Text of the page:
Let’s discuss the efficacy of lockdowns.
Almost immediately after COVID-19 first rooted and spread in America, debates over whether locking down local and state economies began splitting along partisan lines. The left generally supported business closures and stay-at-home orders to protect lives at all cost; the right was slower to adopt such severe restrictions in favor of balancing economic and health outcomes.
Initially, experts and modelers suggested the death toll would be catastrophic if areas didn’t lock down. Too rapid an increase in cases could overwhelm hospital systems, and so the initial strategy was not to stop the virus but to slow the spread.
This seems like common sense: Separate people so they don’t infect one another.
Researchers later followed up with additional articles “proving” that they were right using further projections, though they acknowledge the difficulty in distinguishing between variables that impacted virus spread.
A June study in the National Center for Biotechnical Information explains, “This study offers initial evidence that the COVID-19 pandemic can be suppressed by a lockdown. In addition, other parameters such as demographic of population, density of populations, the parameters of weather, economy, infrastructure of health care systems may be considered in the studies considering that it may be effective on COVID-19 pandemic.”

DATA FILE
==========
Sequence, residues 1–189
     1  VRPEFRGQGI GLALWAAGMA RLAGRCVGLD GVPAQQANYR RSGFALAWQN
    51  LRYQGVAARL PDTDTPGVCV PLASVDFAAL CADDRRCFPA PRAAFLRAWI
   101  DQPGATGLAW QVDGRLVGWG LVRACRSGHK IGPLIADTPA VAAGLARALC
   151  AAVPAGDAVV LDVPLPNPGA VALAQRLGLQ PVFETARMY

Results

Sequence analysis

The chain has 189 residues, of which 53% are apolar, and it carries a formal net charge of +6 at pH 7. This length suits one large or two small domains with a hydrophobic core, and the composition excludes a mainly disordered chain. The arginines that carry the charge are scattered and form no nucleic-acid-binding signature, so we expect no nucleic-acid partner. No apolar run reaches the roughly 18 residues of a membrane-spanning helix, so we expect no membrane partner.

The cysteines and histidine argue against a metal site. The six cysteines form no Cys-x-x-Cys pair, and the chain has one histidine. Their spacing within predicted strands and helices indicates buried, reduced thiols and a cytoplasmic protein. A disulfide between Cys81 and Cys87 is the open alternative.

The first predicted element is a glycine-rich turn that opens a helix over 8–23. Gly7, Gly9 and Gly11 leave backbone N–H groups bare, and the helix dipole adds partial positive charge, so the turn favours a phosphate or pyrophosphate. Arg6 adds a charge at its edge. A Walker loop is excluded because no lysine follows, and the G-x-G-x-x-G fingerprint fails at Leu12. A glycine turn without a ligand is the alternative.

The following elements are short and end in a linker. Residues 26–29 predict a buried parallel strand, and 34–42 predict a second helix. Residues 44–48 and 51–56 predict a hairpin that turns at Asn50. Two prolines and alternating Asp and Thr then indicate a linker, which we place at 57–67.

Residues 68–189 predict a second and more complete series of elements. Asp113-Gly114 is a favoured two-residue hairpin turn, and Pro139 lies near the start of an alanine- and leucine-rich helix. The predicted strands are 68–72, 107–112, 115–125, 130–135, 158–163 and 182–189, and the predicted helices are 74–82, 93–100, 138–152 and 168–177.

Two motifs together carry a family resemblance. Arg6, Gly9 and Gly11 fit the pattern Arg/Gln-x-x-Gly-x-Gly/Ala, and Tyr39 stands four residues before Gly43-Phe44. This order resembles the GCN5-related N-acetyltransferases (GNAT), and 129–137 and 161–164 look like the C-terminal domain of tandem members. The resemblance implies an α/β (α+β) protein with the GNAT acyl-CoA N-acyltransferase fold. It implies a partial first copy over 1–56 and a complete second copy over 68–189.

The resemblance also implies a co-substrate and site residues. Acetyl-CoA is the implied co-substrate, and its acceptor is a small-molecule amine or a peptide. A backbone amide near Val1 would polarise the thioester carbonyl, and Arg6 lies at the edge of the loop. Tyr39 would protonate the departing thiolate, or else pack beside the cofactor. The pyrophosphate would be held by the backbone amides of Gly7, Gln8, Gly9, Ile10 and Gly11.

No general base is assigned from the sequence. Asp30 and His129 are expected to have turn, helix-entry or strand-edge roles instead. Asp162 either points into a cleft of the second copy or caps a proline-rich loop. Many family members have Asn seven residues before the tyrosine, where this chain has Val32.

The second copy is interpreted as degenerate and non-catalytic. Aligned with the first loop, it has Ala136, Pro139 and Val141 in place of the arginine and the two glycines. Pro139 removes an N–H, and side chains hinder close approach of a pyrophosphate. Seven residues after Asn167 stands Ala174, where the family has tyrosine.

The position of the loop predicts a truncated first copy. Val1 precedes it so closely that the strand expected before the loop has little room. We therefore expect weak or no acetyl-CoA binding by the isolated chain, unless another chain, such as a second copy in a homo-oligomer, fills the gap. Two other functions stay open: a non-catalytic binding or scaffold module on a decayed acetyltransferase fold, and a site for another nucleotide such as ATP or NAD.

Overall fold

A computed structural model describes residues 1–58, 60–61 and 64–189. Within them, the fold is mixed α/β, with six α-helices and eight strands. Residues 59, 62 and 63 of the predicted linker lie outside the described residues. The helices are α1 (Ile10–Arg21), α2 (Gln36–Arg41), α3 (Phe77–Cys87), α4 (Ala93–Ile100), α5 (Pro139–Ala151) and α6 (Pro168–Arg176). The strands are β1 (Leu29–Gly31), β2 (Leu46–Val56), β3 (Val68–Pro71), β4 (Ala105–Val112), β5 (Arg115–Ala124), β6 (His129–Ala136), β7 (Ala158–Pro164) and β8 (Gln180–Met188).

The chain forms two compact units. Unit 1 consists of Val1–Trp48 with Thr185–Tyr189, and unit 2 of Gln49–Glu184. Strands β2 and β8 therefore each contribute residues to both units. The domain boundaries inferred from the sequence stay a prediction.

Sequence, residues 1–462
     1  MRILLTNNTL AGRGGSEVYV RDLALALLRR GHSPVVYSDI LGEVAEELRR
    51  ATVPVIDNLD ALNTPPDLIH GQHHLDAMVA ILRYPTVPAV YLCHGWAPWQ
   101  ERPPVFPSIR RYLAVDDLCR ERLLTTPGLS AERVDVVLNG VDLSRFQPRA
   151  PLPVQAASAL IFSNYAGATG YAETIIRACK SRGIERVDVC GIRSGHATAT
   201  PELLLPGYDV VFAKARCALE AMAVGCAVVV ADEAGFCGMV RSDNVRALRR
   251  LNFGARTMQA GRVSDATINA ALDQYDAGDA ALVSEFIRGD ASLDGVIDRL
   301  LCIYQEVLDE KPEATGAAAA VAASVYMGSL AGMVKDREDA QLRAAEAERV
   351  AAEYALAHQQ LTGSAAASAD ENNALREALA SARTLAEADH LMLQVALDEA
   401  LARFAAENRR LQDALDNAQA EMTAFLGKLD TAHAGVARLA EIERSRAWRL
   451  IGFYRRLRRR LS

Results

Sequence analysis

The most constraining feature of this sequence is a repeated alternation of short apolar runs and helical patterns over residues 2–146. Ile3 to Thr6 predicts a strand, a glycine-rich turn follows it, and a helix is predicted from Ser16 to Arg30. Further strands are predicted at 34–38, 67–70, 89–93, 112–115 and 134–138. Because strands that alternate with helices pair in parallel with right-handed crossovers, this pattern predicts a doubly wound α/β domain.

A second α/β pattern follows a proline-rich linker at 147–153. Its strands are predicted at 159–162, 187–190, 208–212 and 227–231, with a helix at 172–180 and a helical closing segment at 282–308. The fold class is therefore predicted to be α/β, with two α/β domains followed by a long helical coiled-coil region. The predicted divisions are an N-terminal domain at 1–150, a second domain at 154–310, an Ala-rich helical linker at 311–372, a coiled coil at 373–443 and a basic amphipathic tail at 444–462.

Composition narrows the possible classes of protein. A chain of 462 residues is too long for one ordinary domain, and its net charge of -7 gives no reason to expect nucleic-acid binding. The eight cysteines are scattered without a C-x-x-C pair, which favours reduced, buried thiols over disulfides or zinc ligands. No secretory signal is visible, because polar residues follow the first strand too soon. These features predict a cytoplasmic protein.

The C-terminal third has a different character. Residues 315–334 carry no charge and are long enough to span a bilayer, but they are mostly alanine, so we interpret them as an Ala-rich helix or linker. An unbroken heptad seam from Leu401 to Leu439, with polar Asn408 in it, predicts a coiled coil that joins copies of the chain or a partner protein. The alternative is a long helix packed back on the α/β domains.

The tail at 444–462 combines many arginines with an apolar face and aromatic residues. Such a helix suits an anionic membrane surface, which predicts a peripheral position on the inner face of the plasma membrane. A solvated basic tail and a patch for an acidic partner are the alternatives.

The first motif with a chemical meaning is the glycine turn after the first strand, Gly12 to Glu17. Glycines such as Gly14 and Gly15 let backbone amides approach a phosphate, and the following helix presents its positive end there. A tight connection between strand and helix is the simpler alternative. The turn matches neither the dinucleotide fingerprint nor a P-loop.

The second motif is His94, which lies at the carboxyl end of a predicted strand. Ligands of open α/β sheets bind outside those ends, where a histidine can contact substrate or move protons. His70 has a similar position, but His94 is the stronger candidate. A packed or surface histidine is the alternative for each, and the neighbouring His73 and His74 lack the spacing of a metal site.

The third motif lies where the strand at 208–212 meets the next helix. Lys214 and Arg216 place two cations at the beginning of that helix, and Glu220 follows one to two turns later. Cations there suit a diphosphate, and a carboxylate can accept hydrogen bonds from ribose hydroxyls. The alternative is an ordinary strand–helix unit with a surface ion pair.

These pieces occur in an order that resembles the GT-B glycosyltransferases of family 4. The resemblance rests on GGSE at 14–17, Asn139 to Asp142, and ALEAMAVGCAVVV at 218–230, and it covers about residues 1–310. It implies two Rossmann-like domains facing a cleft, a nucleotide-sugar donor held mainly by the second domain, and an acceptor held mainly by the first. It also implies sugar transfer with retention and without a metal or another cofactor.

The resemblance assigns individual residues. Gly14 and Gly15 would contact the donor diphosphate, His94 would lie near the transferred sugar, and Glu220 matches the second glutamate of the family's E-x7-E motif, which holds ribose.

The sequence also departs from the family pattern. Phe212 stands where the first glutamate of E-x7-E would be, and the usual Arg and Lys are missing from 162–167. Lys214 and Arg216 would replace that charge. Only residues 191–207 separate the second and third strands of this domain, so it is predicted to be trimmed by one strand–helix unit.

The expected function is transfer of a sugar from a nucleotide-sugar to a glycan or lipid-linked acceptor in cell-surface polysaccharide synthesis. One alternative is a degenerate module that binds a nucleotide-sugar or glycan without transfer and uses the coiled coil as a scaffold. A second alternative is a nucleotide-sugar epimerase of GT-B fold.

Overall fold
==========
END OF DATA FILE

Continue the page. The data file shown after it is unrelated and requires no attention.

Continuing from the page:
Liberal politicians and the media, bracing for every worst-case scenario, leaned into the shutdowns, following the science and the best advice of health experts. Multiple peer-reviewed studies and articles have supported this position.
But now, seven months into the pandemic, the landscape has changed.
Where most of the simulations and studies supporting lockdown efforts relied on the best available testimony by infectious disease experts, tracking the daily spread of COVID-19 through various lockdown and reopening measures has provided empirical data.
Despite modelers’ predictions and protestations, such data indicates surprisingly little correlation between lockdowns and flattening the COVID-19 curve, according to a variety of researchers.
In many cases, states that began instituting shutdown measures in the spring were either already experiencing a slowdown in spread or there was no significant drop in the rate of transmission. Some states that did not institute lockdown orders also saw slowdowns in spread. This is likely due to individuals deciding to socially distance and mask up as the public learned more about the virus.
At least one study posted to the open access journal EClinicalMedicine argued that a country’s level of obesity and GDP was a far better predictor of COVID-19 spread than whether an area locked down.
Still, the lockdowns weren’t ill-advised. State leaders were acting on the best available evidence and advice, and more than 210,000 Americans have died due to the coronavirus to date.
But at this point in the battle against the pandemic, it’s time to rely more heavily on actual data than statistical models, both of which predict escalating fatalities by the end of the year if the public fails to maintain vigilance.
Were there no cost to locking down, it would be an obvious choice should the virus spike in a second wave. However, the economic fallout from initial shutdowns demands careful scrutiny of whether the lockdowns impacted the virus in a statistically significant way.
There is a difference between estimations and hard data.
If lockdowns had been effective, then the data would show that the projections were correct at this point, and they do not. It’s time to acknowledge that fact.
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